I phoned the library and got a copy of "I Got a Gal from Kalamazoo." They sent it to me by e-mail, and I printed it here. I might use that piece at Secular Singers this weekend.

Tonight was supposed to be the first in a series of four lectures at the Central Library on reading and literature. However, tonight's lecturer got sick and had to cancel. I just happen to notice a news report on the Tulsa World web site about three hours before the event was scheduled to start.

Tonight we watched lecture number 30 (out of 36) in the series on Philosophy of Religion.

Also tonight I subscribed to the magazine The Nation. It will be delivered wirelessly to my Kindle whenever an issue is published. In the current issue, I read a piece about the retirement of Bill Moyers in April. He will leave a void that will be almost unreplaceable.

Monday, March 08, 2010

Catching up

I need to catch you up about the events of the weekend. Quite a few things have happened since last Friday.

On Saturday, I attended the first meeting of the Tulsa chapter of Freedom From Religion Foundation. The meeting was held in the home of Bill Dusenberry and Jackie Martin. If you are interested in knowing about that meeting, see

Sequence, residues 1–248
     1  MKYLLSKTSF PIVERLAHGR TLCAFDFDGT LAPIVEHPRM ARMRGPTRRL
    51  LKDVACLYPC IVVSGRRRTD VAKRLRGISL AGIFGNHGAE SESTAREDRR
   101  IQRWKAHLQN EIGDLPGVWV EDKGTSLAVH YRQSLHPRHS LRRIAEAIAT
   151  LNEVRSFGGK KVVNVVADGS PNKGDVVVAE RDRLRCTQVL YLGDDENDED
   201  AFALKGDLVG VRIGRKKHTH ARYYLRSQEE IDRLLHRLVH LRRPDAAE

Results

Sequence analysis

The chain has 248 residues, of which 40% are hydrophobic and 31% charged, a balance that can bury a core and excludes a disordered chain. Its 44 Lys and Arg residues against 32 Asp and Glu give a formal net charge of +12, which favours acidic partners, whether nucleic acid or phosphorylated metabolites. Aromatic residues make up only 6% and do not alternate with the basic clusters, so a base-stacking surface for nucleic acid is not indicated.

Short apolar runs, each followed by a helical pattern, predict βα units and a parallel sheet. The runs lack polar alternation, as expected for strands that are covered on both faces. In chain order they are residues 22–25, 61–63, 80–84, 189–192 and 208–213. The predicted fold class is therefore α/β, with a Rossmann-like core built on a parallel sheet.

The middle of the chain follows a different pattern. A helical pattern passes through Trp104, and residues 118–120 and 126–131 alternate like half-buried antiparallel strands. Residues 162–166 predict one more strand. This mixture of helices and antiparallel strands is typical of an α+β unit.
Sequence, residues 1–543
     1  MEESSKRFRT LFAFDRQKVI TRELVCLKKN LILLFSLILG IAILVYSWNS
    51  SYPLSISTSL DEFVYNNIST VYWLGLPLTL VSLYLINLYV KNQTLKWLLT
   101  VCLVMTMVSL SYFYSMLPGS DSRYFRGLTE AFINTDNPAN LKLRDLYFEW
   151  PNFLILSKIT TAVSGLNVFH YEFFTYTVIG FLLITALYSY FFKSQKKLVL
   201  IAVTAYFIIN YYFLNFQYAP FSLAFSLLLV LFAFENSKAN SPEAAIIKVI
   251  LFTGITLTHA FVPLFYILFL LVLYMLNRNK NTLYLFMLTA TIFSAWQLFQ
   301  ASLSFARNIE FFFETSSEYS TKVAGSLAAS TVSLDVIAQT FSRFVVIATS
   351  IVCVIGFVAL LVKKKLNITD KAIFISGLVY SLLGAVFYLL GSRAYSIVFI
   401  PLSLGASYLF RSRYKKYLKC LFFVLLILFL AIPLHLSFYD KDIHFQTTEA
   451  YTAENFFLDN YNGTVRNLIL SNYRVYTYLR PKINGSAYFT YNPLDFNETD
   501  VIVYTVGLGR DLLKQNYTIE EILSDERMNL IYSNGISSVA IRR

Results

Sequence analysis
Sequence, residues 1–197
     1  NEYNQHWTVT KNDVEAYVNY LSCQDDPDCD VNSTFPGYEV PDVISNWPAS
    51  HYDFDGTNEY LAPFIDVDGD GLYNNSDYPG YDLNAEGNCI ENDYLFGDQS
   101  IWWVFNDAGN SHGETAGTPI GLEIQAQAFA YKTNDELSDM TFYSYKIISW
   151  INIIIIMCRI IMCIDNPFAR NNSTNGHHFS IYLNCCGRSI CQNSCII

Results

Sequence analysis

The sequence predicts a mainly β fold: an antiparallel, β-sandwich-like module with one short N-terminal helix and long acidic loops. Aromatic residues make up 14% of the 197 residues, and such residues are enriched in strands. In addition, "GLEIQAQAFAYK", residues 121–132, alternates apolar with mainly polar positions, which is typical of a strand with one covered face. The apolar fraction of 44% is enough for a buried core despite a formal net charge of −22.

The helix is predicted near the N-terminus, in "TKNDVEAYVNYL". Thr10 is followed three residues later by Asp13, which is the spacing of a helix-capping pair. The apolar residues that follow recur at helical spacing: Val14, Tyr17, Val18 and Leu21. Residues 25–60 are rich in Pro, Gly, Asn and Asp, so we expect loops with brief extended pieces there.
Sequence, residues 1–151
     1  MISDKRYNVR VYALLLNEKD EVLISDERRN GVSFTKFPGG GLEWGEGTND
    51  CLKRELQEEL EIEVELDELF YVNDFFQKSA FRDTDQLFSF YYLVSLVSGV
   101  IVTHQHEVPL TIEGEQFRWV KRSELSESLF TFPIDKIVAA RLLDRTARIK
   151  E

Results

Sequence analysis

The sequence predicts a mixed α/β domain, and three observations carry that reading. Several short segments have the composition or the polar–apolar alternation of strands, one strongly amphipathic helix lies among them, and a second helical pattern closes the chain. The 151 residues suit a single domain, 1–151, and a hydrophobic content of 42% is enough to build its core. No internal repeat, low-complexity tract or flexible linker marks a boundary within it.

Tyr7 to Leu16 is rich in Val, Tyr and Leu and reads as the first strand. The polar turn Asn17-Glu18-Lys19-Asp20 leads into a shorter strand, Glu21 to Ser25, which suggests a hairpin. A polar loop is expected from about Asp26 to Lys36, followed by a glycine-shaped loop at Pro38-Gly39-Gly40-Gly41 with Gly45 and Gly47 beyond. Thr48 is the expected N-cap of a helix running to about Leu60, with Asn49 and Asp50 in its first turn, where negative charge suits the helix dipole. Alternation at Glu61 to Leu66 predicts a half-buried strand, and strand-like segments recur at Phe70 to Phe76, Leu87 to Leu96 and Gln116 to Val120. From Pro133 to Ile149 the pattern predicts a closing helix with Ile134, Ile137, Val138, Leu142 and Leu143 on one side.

That evening was Movie Night at the Bradleys. We watch a double feature: Sick Around the World and Julia. The first feature was a documentary which compared America's health care to that of other nations around the world. America is not in the top ten for length of life, but we have a high rate of infant mortality. While our country has some of the best care available, it is not available if you have a high deductable or are poor. If you are poor, you would be better off to live in another country. Several other countries have a system of universal health care which is supported by taxes. For example, in England you can go to the doctor and even be admitted to the hospital and have no bill to pay. Forty-six million people in this country have no health insurance. Too many people are dying for lack of insurance. Call an insurance company and ask about medical coverage, and they will ask if you have any pre-existing conditions. If you do, good luck getting insurance from them.

The second feature we watched was Julia. It is set in the 1930s and is the story of two women and their experiences just prior to the outbreak of the Second World War.

On Sunday, I went to Church of the Restoration. There were seven people there for the service. In a couple of weeks, Vanessa (church secretary) will be leading a discussion of the book Incidents in the Life of a Slave Girl. I found out today that the book can be read on the Internet for free. I downloaded a copy to my Kindle and also sent an e-mail to the church to let Vanessa know the book is available on the Internet.